But here’s the rub. The number of actively managed funds outperforming their market benchmarks has actually been declining over time. A disappointing 24% did so over the past ten and fifteen years, only 23% did over the past 20 years, and a paltry 18% did over the last quarter century.  Why have active managers done so poorly versus their market benchmarks over the years? How do you find an actively managed fund that will be in that top 25% over time? Would you be better off investing in passive index funds, or ETFs? Can you combine them in your portfolios as many of us have done and if so how do you decide the mix? These are all questions we will discuss with this week’s WEALTHTRACK guests.

Daniel Wallick is Principal in Vanguard’s Investment Strategy Group, where he is responsible for developing portfolio strategies. He is co-author of the fascinating report titled: “The Case For Vanguard Active Management: Solving The Low Cost/Top Talent Paradox?” Surprisingly, Vanguard is the 4th largest active equity manager in the U.S. with over $225 billion in actively managed stock funds.

Gregg Fisher is the Chief Investment Officer of Gerstein Fisher, an independent investment management and advisory firm that he founded in 1993. Gerstein Fisher was named to Barron’s list of top 100 financial advisors this year as well as in 2012 and its list of top 100 independent advisors in 2011. In 2009, Fisher founded the Gerstein Fisher Research Center which partners with leading academics in finance, risk engineering, and economics to study and improve the investment process.  I’ll begin the interview with this question: given the poor performance of most active stock managers why should we even bother investing with them? They have some interesting answers!

Have a great weekend and make the week ahead a profitable and a productive one!

Best regards,

Consuelo
Mathews Asia

Action Point

SEE IF YOUR FUNDS MEET THE TOP CRITERIA FOR OUTPERFORMANCE: LOW COSTS AND TOP TALENT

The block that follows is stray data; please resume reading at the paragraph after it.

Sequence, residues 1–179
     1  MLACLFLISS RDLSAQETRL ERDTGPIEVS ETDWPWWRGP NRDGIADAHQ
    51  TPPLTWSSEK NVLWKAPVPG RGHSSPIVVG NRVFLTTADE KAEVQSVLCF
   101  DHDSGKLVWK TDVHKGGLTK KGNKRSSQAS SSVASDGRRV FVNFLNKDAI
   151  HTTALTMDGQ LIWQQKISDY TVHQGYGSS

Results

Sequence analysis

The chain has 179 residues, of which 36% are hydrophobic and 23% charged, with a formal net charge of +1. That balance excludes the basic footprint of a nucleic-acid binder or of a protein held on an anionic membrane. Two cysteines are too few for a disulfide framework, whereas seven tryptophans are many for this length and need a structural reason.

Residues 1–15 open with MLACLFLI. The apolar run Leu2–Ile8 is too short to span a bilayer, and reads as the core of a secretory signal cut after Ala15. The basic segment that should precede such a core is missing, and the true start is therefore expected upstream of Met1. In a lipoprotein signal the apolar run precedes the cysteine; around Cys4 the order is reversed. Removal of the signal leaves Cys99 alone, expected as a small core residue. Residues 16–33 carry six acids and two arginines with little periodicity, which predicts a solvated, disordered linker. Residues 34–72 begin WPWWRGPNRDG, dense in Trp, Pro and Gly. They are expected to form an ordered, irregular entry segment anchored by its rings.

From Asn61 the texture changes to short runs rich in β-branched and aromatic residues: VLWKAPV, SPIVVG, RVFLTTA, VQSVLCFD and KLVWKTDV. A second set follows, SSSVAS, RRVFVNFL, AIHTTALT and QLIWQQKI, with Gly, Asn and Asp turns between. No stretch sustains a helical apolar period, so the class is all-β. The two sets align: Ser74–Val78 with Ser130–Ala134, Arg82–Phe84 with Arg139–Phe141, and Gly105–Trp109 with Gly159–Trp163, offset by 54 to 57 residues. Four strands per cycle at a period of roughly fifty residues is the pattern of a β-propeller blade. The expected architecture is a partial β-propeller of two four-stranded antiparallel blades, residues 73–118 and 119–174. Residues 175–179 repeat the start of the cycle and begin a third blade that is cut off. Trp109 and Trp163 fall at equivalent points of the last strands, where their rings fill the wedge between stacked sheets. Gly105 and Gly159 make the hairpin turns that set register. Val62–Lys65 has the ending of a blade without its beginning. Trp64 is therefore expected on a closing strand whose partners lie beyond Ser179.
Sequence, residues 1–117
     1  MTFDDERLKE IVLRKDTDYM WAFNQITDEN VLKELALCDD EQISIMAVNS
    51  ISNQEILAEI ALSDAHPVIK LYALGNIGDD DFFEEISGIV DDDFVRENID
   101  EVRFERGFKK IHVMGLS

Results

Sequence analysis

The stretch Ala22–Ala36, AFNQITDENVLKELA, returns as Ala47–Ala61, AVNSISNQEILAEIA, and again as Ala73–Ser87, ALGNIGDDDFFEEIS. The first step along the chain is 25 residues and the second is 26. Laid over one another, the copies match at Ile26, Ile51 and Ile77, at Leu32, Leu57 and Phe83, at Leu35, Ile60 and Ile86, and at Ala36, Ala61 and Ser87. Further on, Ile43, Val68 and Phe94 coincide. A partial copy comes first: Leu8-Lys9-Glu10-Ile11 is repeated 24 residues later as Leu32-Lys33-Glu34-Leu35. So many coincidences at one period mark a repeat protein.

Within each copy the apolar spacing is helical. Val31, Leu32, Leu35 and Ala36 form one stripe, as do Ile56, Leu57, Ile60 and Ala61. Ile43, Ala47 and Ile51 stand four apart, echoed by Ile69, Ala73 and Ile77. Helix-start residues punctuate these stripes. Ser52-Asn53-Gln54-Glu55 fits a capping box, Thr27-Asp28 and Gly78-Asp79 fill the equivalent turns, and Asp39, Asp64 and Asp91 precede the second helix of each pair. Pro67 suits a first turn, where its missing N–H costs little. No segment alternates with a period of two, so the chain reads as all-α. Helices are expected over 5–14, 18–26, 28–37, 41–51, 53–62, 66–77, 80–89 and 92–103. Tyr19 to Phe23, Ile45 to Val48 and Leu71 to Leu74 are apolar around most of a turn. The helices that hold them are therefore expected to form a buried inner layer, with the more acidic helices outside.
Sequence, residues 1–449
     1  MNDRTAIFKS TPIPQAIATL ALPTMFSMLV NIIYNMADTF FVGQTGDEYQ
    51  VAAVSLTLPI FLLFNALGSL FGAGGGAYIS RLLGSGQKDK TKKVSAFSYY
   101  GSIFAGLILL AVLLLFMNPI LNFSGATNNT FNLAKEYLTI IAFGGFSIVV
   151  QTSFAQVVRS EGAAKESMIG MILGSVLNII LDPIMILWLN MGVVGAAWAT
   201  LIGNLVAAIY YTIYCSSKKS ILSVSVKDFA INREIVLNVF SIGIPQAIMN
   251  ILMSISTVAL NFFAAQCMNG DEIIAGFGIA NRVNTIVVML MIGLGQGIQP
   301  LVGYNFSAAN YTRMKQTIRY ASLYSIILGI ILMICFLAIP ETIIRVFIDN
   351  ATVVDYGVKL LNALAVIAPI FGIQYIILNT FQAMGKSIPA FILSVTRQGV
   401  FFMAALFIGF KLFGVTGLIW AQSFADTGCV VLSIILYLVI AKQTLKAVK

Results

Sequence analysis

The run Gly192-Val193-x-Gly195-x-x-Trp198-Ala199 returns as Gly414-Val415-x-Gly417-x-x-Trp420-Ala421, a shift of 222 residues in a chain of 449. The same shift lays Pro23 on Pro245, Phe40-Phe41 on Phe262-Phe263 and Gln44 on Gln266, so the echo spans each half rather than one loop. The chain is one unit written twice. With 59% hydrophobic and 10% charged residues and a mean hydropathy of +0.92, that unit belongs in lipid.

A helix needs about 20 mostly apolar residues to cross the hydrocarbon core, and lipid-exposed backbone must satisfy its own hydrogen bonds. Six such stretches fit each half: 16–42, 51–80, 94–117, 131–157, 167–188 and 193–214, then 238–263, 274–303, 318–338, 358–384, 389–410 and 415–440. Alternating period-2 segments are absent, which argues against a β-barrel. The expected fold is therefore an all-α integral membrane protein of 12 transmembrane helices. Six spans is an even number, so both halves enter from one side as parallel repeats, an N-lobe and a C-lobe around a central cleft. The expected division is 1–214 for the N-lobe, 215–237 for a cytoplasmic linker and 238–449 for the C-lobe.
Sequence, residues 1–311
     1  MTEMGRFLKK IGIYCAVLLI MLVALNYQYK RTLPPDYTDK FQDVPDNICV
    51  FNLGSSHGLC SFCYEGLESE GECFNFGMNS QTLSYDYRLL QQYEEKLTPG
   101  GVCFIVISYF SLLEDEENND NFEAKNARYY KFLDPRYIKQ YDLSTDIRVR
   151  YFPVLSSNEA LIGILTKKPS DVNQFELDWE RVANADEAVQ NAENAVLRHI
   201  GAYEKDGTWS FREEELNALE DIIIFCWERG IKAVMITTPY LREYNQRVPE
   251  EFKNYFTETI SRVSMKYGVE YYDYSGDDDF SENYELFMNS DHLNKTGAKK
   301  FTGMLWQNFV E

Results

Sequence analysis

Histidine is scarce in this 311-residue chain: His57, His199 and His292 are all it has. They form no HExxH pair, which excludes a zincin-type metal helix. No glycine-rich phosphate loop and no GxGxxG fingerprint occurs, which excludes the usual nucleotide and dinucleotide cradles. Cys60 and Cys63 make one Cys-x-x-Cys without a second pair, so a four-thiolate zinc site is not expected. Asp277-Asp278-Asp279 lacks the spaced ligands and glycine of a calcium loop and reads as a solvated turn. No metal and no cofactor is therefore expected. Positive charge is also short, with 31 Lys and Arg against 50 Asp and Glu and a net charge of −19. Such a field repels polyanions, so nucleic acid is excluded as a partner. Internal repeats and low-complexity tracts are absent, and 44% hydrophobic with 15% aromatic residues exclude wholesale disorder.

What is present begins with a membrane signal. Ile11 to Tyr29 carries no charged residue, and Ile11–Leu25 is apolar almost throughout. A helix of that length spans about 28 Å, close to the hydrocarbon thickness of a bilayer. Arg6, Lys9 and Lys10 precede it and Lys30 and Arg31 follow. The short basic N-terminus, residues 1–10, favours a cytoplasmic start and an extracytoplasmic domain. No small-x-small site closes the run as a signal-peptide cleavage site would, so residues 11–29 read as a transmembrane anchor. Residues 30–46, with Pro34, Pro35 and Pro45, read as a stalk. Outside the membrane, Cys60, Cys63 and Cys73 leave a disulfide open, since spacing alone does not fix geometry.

SIMPLE ARITHMETIC

  • The lower the cost of your investments the more you keep

TALENT MATTERS FOR ACTIVE MANAGERS

  • Bogle’S 4 P’s
  • People
  • Philosophy
  • Portfolio
  • Performance

 

 

One Investment

WALLICK: LOW COST GLOBAL

Own a low-cost, globally diversified stock portfolio

“I would be as diversified as you are comfortable. Now, there may be liability reasons why you might want to have a home country bias, but I think thinking about sort of global equity in that form on a low-cost basis is really a great starting point for long-term investors.”

– Daniel Wallick

FISHER: GLOBAL REAL ESTATE

Commercial real estate

“We think global real estate. Actually what we find is most investors have a very small percentage of their portfolio in commercial real estate, particularly for U.S. investors, commercial real estate outside of the United States, and from a diversification perspective, when we look at what most traditional investors have, we see this as an asset class that has a lot of potential, some merits around the potential for inflation, and it’s generally something that investors have a small amount of exposure to that they would, I think, be well served by adding to their portfolio.”

Gregg Fisher

Transcript

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ICRTPX-1Download: The case for Vanguard active management: Solving the low-cost/top-talent paradox? [pdf]